Run with the Wind 風が強く吹いている

Welcome to this week’s review of notable instances of public transit use and urban design, as well as discussion of place identity and culture, through anime currently broadcast or screening in Japan and simulcast internationally via the web. This review also documents seichijunrei (聖地巡礼 holy land pilgrimage) and butaitanbou (舞台探訪 scene hunting), which are pop culture tourism and place-based engagement induced by the use of real locations in show settings.

Media and General Interest

KSB (Setonaikai Broadcasting) produced a ten minute TV story (full video and selected transcript) about a January 27 special event featuring voice actors from Yūki Yūna wa Yūsha de Aru in the series setting of Kan’onji, Kagawa Prefecture. The segment reports on the event, then goes on to explore sustained fan pilgrimage interest that began with the first season broadcast in 2014, interviewing fans from Japan and overseas at the event and during pilgrimages, representatives of local businesses and cultural organizations, and the mayor of Kan’onji.

Researchers from the University of Yamanashi and Yamanashi Chūō Bank Management Consulting conducted a survey (full report) measuring the economic effect of Yurucamp in Yamanashi Prefecture, estimating 85 million yen in proceeds from five formal fan events held between 2018 April, shortly after the broadcast finished, and 2018 November, when the survey was conducted. The average expenditure by visitors from outside the prefecture exceeded the Yamanashi average tourism expenditure by almost 40%. The investigation also found in a survey of 150 Minobu residents 83% responded that the anime series had increased their attachment to the area. Media coverage: NHK, Sankei Shimbun, Netorabo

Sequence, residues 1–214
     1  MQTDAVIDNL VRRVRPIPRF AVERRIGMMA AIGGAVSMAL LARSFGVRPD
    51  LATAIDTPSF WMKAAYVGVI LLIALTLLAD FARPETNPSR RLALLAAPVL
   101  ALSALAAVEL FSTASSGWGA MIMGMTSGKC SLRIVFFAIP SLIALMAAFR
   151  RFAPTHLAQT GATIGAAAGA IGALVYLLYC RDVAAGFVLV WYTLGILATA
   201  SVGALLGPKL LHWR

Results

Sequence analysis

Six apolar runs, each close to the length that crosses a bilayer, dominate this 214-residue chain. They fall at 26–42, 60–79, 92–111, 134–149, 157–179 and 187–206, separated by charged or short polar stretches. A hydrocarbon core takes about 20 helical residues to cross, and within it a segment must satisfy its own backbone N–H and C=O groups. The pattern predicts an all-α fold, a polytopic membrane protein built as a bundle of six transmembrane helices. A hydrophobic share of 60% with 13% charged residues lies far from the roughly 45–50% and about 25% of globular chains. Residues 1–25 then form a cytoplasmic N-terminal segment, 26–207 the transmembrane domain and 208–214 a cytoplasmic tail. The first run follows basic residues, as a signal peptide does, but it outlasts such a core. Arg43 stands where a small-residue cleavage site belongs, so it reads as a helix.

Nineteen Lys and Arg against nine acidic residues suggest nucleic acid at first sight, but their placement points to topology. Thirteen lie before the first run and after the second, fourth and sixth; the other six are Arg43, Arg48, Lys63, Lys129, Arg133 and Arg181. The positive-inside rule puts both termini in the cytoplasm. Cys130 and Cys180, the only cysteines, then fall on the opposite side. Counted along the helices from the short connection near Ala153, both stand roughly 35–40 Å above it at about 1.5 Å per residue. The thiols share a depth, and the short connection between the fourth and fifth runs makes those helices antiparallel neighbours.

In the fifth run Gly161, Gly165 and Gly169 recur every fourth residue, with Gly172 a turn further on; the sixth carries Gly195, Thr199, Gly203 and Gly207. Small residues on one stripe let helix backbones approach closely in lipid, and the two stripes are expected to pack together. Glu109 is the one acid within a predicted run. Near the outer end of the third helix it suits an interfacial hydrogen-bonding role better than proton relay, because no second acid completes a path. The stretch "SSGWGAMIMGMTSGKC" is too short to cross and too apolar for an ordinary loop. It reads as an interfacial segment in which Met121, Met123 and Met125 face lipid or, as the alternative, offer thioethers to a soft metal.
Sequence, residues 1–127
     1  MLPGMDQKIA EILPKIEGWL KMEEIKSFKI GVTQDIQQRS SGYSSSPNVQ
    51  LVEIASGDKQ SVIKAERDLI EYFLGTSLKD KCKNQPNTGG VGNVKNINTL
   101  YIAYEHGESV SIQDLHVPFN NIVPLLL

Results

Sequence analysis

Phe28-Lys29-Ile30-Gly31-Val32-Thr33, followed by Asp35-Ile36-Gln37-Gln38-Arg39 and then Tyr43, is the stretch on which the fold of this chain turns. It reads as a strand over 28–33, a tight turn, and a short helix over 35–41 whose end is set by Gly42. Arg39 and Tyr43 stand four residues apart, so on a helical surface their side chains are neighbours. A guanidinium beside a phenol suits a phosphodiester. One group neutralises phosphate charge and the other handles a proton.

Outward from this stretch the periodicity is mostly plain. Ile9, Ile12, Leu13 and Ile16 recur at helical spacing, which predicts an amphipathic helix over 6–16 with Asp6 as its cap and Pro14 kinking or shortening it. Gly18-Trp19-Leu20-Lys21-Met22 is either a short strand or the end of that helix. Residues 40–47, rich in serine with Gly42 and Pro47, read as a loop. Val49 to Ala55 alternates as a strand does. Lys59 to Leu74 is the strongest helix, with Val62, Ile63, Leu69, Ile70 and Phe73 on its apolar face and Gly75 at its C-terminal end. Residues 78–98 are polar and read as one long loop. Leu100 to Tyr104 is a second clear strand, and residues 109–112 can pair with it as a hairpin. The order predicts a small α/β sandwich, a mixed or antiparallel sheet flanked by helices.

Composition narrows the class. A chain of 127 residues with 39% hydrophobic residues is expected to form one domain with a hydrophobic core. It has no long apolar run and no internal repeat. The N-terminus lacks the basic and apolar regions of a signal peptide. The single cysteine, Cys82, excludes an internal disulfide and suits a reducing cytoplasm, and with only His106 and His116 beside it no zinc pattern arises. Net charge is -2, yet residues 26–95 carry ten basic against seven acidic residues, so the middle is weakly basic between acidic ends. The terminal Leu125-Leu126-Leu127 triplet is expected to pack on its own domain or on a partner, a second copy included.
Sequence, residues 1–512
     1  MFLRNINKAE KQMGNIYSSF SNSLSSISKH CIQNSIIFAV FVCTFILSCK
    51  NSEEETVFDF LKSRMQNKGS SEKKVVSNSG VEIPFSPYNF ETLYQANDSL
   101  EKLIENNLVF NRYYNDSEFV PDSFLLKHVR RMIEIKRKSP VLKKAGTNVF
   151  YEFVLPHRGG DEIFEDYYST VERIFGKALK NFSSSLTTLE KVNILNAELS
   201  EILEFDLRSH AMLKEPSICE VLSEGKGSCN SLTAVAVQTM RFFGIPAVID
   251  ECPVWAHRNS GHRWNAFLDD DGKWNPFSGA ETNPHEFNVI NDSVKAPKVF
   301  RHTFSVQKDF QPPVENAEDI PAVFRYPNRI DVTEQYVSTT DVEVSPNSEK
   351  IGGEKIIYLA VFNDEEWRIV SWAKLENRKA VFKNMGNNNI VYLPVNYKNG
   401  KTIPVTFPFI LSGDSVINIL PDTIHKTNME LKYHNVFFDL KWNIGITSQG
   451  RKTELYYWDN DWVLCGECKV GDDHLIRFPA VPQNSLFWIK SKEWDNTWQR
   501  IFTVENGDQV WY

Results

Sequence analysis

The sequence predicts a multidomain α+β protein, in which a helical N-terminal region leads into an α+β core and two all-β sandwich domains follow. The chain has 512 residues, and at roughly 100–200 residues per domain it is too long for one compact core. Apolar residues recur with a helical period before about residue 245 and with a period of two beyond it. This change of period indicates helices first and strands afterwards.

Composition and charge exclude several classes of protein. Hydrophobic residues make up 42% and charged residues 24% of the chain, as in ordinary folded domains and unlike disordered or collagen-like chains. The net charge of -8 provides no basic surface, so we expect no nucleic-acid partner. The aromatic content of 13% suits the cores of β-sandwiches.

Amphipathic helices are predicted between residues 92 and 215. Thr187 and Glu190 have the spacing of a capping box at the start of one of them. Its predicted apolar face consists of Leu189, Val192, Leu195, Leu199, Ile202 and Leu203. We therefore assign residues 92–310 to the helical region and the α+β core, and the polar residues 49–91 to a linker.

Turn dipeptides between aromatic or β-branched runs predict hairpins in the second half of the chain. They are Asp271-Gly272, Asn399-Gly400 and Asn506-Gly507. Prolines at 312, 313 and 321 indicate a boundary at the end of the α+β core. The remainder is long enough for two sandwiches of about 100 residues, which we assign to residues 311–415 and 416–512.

YBS Wide News published an article about monks at Kuonji, a temple in Minobu, Yamanashi Prefecture, conducting a prayer for traffic safety for Yurucamp pilgrims visiting the area by motor vehicles. Fans gathered on February 23 for an event inviting owners of the Yamaha Vino scooter used by character Shima Rin to pose the vehicles in front of the temple before touring the area together:

Kyoto Shimbun published an article about a Hibike! Euphonium themed event held at Kyoto Bunkyō University on February 23, featuring a series of lectures and fan organized wind ensemble concert. Panel participants included sociology professor Katayama Akihisa (片山明久, @bsaku0214), and butaitanbou-sha Ebisu (夷, @ye_bi_su), Hidesan (ひでさん, @HidesanYamasiro), and wind ensemble organizer Iruka (いるか, @kaiyouhonyuruid):